Imagine getting the chance to explore the streets of Paris while learning more about your two passions. Not many people see the art of pastry-making and the art of music coming together, but 22-year-old Jonathan Chuang had the opportunity of a lifetime to bring together two things he’s most passionate about.
Chuang helps his father run their local sushi restaurants in Walnut and San Dimas, and during the months of February-November 2017, he had the chance to study pastry-making in France.
Chuang always had a passion for food, and when he was looking at culinary schools, he knew he wanted to study in Europe. He would research about Michelin star restaurants and look up their chefs.
“I want to cook like them,” Chuang said. After putting in the effort of finding a school, he came across Ferrandi Paris. “It’s known as the ‘Harvard of Gastronomy,’” Chuang said.
Ferrandi Paris prefers experience when it comes to who they accept into the school. For Chuang, all of his experience came from working in his dad’s restaurants and practicing his own recipes here and there. Chuang said he believes that he was admitted because of his essay. The essay prompt asked why he wanted to go to the school. Of course, Chuang wanted to go to a prestigious culinary school in the heart of Paris, but there was much more to the story.
Chuang has been playing the piano ever since he was 4 years old and he says it has been a love/hate relationship for him. He never liked being forced to play, but he always loved learning the different classical pieces.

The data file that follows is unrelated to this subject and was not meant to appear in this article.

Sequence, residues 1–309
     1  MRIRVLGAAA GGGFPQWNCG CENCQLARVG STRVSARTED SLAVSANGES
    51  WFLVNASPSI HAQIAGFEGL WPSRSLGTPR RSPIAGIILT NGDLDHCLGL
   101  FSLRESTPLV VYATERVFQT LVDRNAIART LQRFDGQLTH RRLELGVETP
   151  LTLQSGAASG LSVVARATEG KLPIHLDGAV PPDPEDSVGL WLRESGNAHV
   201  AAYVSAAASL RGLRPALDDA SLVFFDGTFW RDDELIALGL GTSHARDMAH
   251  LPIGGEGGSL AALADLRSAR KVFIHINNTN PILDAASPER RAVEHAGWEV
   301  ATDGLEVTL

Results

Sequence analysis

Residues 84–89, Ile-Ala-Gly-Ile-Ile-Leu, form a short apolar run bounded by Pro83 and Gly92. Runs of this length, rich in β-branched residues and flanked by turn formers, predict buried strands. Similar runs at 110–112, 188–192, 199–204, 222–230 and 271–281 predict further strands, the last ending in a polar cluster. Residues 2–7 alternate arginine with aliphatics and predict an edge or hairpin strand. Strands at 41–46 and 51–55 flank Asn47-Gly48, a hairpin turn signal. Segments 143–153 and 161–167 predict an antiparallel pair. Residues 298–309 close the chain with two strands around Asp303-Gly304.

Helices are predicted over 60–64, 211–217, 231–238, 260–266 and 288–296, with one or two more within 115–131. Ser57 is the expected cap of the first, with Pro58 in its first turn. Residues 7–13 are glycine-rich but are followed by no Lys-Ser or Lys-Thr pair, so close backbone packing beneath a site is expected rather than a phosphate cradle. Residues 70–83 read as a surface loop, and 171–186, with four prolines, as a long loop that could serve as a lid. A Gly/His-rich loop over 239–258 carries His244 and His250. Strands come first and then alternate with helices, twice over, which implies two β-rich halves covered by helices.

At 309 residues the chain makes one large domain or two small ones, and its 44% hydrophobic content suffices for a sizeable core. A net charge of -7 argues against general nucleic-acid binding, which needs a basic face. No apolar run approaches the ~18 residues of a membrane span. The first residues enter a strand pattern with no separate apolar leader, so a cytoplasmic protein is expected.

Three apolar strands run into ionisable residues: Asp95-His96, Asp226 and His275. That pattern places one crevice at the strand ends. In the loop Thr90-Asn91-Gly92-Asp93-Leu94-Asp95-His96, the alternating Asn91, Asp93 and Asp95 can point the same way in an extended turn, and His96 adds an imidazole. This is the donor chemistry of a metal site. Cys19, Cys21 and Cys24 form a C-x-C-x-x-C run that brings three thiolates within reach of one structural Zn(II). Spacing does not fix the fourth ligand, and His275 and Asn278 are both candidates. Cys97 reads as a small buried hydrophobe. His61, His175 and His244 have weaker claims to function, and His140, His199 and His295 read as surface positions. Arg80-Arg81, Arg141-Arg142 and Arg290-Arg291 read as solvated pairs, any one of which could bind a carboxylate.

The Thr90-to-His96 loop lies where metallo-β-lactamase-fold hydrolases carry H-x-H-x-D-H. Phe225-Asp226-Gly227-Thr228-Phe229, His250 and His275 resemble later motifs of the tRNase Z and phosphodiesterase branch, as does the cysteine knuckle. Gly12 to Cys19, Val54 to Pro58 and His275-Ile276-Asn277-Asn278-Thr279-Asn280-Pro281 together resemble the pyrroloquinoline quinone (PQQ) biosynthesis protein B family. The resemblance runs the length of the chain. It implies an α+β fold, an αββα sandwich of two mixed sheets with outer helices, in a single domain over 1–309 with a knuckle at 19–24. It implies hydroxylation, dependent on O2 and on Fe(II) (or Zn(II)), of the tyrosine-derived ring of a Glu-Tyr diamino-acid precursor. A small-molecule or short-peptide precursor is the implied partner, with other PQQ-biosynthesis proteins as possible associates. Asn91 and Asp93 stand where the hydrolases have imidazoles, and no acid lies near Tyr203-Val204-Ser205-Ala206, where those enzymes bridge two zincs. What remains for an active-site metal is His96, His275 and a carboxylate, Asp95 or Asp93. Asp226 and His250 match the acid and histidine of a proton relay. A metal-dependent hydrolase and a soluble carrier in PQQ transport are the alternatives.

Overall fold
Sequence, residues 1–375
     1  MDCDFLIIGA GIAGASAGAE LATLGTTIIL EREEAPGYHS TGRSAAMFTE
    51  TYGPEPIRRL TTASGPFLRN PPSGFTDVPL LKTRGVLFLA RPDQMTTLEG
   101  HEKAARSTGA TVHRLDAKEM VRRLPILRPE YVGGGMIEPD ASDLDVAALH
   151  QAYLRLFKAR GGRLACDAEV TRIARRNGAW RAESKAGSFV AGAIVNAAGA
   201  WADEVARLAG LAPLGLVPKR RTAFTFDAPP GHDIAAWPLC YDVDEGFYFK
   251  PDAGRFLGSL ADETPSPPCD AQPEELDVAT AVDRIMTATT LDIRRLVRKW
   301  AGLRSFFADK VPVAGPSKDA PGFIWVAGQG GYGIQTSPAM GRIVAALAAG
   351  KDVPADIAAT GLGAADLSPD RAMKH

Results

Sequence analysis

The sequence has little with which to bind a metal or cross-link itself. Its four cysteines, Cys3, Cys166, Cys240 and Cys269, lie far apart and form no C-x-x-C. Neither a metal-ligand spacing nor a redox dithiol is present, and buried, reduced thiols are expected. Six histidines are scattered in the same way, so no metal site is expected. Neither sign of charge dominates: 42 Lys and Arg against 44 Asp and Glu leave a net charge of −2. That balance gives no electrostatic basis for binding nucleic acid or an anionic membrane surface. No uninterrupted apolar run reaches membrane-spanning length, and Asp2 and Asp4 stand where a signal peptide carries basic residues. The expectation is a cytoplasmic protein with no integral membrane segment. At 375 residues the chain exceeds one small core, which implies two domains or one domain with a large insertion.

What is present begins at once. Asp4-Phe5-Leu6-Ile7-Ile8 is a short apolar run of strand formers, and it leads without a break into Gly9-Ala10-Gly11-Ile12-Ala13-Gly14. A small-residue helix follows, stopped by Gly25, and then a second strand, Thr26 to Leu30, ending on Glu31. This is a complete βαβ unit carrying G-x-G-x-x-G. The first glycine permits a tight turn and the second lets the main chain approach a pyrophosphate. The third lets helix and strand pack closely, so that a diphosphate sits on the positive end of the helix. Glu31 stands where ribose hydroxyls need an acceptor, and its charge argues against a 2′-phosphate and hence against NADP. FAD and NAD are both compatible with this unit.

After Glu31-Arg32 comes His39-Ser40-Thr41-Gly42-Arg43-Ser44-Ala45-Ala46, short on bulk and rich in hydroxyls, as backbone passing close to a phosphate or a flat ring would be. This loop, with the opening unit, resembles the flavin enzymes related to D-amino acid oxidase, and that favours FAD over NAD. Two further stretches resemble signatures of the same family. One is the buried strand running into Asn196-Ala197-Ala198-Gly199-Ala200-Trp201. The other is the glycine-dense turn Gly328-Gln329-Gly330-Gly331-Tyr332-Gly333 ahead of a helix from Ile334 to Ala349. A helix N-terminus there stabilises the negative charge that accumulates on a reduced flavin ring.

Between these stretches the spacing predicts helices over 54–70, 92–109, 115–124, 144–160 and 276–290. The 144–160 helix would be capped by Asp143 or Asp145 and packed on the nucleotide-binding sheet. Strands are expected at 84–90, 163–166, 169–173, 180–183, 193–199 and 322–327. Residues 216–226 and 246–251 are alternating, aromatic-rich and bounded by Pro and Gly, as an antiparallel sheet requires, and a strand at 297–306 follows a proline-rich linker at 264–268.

When Chuang was younger, his mother would play different romantic piano pieces on a CD for him to fall asleep to, and it was always his goal to learn those songs. He eventually did, and piano became a big part of his life.
Going to school in France was invariably more than just learning culinary arts in Paris. It brought his passion for the kitchen to his passion for classical music, the art, and composers of France.
“Because of piano, my life revolved around the music of Europe. I wanted to combine the two: find music; find food,” Chuang said.
Having the opportunity to go to France fulfilled one of Chuang’s childhood dreams.
While applying to Ferrandi, he initially wanted to go for French cuisine, but changed his mind and went into pastry-making.
“You make happiness with desserts,” Chuang said.
Pastry making is a very detailed art that Chuang appreciates and wanted to focus his time and effort on. He credits his piano playing to helping him bake. He said piano playing allowed him to be comfortable with his hands. He added that with things like dough and cream, he has to feel it with his hands, and that’s what piano is all about… feeling the music.